John A. Benson Jr., MD
▪ The dynamics of medicine force us to continually update the content of residency curricula. Before selecting the material to be added or withdrawn from the curricula, goals for the desired product must be established. Further, the potential effects of emerging disciplines on the structure and composition of departments and residencies must be carefully considered. The Residency Review Committee for Internal Medicine (RRC-IM) is the principal instrument for forcing the integration of emerging disciplines into clinical education.
Several questions must be considered when deciding how best to integrate these new disciplines. Should selected internists be designated to teach them? What are the most appropriate training sites? Which disciplines should be linked for pedagogic efficiency and relevance? How do we separate the educational pathways for generalists and subspecialists?
The strategy of requiring additional training for a second certificate from the American Board of Internal Medicine (ABIM) has served internal medicine well for 50 years. Innovations in science and technology, however, are occurring at an accelerated pace. One solution may be to separate standardized residency training into multiple 4-year tracks that produce variously skilled graduates.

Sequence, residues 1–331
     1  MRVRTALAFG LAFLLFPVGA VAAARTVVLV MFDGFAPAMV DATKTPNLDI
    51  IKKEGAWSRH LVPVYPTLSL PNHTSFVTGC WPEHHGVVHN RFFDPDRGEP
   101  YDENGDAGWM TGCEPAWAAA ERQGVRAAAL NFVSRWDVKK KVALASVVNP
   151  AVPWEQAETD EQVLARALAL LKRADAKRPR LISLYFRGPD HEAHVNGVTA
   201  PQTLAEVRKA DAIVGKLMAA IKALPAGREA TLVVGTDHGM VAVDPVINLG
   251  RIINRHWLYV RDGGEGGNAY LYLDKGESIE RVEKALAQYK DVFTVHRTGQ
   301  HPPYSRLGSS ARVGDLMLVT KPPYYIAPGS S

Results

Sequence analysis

Benson JA. Integrating Emerging Disciplines. Ann Intern Med. 1992;116:1106–1110. doi: https://doi.org/10.7326/0003-4819-116-12-1106
Download citation file:
Published: Ann Intern Med. 1992;116(12_Part_2):1106-1110.
Education and Training.
Results provided by:
Copyright © 2020 American College of Physicians. All Rights Reserved.
Print ISSN: 0003-4819 | Online ISSN: 1539-3704
Conditions of Use